6. Euchlanis-like Rotifer (Metazoa > Rotifera). Rotifer-16915-6-LI


7. Rotifer type II (Metazoa > Rotifera);  Rotifer-16915-7-LI. Note the carapace, that looks like cape when it swims about.

8. Cyclops-like Copepod (Metazoa> Crustacea): Note I also observed the nauplis larval form ( see beginning of euplotes video).


9. Flatworm (Platyhelmenthis); Flatworm-16915-9-LI. Stenostomum-like flatworm


10. Unknown Diatom (SAR supergroup > Stramenopiles->Chromista->Bacillariophyta); Diatom-16915-10-LI. They are the little projections lining the charophyte.


11. Euplotes-like spirotrich (Ciliophora); Ciliate-16915-11-LI
Moves like a Euplotes, but not sure if it is the same species. Did not obviously see the cirri, but the contractile vacuoles are really neat.


12.Unknown Ciliate; Ciliate-16915-12-LI (Ciliophora)


13. Halteria (Ciliophora): Note Saltatory motion of the ciliate.


14. Flagellate (Eukaryota); Flagellate-16915-14-LI. Very fleeting glance.

Now I need to set this up for a few days and see what happens. Smaller volumes makes for a different set of problems. Some more modifications of this basic setup would include sealing this, or perhaps using Agar to make the ditch, which might permit gas exchange. Lots to play with, and I urge you to try this at home. A complete set of the raw videos and pictures can be accessed at https://goo.gl/photos/7mjdsCyhVf2T7LKc9. I have also uploaded some of these to inaturalist.

11 Comments Add yours

  1. Saad Bhamla says:

    Wow! Just wow!

    This is awesome Laks. I really like the naming format for the unknown ciliates. I will follow it as well in future samples.

    This is one of those posts, that i will keep coming back to – fantastic!! :)))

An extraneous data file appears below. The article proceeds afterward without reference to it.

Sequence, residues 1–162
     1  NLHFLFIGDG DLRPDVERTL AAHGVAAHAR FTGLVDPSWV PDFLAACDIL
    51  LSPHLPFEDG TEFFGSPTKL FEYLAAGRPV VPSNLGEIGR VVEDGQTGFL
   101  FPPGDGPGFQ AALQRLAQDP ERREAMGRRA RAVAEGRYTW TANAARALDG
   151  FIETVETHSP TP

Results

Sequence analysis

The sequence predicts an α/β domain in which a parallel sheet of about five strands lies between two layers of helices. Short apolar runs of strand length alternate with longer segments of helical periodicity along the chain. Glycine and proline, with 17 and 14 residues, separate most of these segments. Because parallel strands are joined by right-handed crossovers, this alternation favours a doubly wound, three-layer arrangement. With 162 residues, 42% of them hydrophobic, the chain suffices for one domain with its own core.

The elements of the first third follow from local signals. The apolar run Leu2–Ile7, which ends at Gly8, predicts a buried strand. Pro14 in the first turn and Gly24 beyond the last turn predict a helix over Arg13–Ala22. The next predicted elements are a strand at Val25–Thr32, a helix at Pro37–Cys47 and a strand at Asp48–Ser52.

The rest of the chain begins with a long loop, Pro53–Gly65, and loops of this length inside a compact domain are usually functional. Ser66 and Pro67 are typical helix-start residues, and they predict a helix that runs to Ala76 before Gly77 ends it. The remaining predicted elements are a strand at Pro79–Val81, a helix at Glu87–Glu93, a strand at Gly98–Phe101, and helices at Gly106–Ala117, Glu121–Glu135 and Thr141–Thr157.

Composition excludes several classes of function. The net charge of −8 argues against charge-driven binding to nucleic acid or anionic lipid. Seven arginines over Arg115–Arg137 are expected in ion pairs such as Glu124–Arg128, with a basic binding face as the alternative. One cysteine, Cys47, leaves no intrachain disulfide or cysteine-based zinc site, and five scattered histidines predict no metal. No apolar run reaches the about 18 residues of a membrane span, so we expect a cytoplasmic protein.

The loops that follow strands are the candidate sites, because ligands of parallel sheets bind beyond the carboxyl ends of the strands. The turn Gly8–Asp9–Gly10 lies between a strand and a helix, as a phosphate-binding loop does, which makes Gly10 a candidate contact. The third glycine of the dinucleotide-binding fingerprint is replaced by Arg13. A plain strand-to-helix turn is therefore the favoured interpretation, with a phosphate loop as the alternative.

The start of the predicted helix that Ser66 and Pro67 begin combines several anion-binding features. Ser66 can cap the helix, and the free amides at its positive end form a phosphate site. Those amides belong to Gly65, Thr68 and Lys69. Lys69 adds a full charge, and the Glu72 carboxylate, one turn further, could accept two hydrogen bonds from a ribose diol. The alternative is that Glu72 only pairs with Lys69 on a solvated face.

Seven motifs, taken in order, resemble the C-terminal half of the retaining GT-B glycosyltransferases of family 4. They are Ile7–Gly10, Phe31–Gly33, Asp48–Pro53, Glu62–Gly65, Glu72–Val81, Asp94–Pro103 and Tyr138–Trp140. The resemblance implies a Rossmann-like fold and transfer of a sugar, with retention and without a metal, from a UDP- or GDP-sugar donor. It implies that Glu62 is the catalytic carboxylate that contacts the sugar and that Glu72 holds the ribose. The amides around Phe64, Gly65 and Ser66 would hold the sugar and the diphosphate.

Saad

  2. Manu Prakash says:

    @Laks: love the micro-aquarium dream come true. The slides are a game changer. I also see; when you pan – you don’t see any flow in the slide which means that the sample does not get sheared – which is a big plus.

    What a fantastic collection of organisms. Number 12 is a big puzzle for me – since I don’t know anything like that that jumps. Manu

  3. laksiyer says:

    Hi @Manu and @Saad. I am pleased with this setup but it still needs some optimization. After 24 hours all the animals were dead and barring Halteria and the spirogyra , the water wasnt too active. It suggests to me that the seal was a bit too good for these critters and I need to find a way for gas exchange to keep animals alive. In my next experiment, I am going to peel the thin PVC off after observations (it comes off very well) and leave the slide in a humid chamber (petridish with water). The corollary to this is that if you want to view critters in anoxic water this setup is pefect, which reminds me I have a bottle which is over a year old releasing the most noxious of H2S when shaken. Need to sample it. Also, am actively searching for other material as coverslip. There are these commercial plastic coverslips that will be tried next. What is the most transparent and thin material that I could use other than glass that is cheap.

  4. Saad Bhamla says:

    @laks – when i was at hopkins and I wanted to do long-term imaging on slides, i used glass slides, made a well out of silicone sealing grease and placed a plastic coverslip. The organisms – in this case, a dozen marine larvae – were happy and swimming for 4 days. Now, of-course, the silicone sealing grease is messy, and tricky to use using foldscope, since it doesn’t withstand too much pressure (will squish), but just sharing as a thought.